Making a comeback a year since their last release, Beast returned at the start of July with their third studio album, Highlight. Between now and the release of their previous mini album, Ordinary, a lot has changed for the Cube Entertainment boyband, most notably the loss of member Jang Hyun-seung. Regrouping since the saga, nevertheless, Beast continues as a 5-member band, striving on into their eighth year together.
The album kicks off with a self-titled introductory track that is suitably upbeat. With lyrics about living in the moment and treasuring one’s youth, “Highlight” easily nestles itself at the back of its listeners’ minds with its beat drop and addictive instrumental riff in the chorus. It first begins with the strumming of a solo rhythm guitar, joined by the bass guitar and drums in the verse; but these quickly give way to a more electronic chorus mix, providing a nice contrast to the verses. The repetition of the words “hot and fun” also somehow manage to worm their way into listeners’ subconscious in a slightly annoying but undeniably catchy way.
Following on from this first track, the rest of Highlight focuses on the theme of romantic love. Be it unrequited love, break-ups, or simply being happy in love, the remaining ten tracks of the album are all about romantic relationships. The first half of the album comprises mostly of lovelorn and slightly angsty tracks, with the album’s title track, “Ribbon”, marking the start.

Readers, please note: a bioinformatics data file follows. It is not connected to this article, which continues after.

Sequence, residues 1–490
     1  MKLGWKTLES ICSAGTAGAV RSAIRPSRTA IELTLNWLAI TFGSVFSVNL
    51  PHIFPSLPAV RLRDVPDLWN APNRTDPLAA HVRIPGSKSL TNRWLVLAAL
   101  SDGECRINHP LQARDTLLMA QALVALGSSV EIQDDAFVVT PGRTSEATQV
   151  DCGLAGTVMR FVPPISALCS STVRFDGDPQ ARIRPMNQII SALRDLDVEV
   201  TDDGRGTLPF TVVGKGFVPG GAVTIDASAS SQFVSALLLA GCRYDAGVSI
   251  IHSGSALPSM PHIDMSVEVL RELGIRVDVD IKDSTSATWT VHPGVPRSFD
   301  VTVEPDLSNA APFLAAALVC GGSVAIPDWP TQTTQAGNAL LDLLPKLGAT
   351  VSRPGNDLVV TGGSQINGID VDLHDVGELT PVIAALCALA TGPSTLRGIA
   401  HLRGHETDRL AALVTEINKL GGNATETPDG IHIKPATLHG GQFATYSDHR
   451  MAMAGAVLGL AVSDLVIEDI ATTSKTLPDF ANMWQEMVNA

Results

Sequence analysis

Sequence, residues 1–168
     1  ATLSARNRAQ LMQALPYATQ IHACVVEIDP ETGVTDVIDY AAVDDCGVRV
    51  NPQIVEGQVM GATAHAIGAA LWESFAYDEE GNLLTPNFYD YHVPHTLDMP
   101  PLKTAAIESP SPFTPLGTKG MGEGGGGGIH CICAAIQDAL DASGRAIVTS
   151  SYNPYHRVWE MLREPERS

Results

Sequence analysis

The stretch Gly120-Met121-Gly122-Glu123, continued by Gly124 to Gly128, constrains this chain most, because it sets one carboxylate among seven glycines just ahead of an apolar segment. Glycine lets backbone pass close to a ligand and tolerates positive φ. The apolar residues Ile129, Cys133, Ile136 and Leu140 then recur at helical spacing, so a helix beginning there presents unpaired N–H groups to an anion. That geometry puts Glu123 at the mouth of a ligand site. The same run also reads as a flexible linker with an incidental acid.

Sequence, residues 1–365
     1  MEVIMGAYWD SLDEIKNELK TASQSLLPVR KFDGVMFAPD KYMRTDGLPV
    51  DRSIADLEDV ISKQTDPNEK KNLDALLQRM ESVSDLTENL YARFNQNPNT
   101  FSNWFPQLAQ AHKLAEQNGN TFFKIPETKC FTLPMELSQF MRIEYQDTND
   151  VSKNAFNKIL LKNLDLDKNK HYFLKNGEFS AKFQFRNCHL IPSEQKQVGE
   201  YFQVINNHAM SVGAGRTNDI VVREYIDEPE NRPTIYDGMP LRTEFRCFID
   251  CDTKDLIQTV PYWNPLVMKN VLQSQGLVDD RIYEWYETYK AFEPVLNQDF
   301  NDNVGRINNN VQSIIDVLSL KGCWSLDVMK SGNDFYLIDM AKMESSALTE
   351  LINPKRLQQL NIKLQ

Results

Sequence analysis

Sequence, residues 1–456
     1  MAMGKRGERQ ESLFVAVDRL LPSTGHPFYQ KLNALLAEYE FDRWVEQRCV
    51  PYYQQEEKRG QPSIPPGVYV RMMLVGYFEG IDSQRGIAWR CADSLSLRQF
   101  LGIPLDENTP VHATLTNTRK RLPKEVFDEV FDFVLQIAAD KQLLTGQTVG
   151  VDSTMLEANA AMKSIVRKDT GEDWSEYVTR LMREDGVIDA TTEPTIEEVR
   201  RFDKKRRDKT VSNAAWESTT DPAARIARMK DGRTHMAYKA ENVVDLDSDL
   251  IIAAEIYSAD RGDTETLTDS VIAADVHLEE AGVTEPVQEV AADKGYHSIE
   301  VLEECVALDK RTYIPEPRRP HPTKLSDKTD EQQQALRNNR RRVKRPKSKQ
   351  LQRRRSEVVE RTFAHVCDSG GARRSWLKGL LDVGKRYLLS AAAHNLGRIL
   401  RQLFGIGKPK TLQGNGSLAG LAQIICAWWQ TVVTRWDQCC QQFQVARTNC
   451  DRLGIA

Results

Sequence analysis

I want to tie us up prettily again, our ribbon which has come undone
Pulling each other with full strength, and tie up our love
Tie up a ribbon, so it will never untie
Tie up a ribbon, so we will never let go of each other
About a relationship that ended despite how deceivingly happy lovers may have seemed on the surface, “Ribbon” was conceived by Jun-hyung when his hotel bathrobe had come undone one evening in Japan, while on tour. Inspired by how easily the knot had come undone, the song was borne. Musically, “Ribbon” makes use of a rather standard mix of synths and drums. It also follows the tried-and-tested sequence of verse, chorus, and rap, with Yo-seob helming the climax.
Within this first half of the album, the sixth track, “Curious”, stands out with its interesting lyrical perspective and tuneful guitar lick. Even though the song circles around the fairly cliched theme of being unable to let go of a lover, the lyrics frame this idea in a slightly different manner. Instead of using the word “missing”, the heartache and desire is expressed through the idea of being “curious”. This diminishes the tendency for music to romanticize heartbreak, and instead, presents this inability to let go of a relationship as a dull ache rather than an overwhelming sense of loss which is common in love songs. In this way, the track is made more realistic and relatable, hitting the nail on the head with its delivery.
I close my eyes and think about you
Even if I recall about you all day long
It’s not enough, I want you to be by my side, my baby
I keep on being curious about you again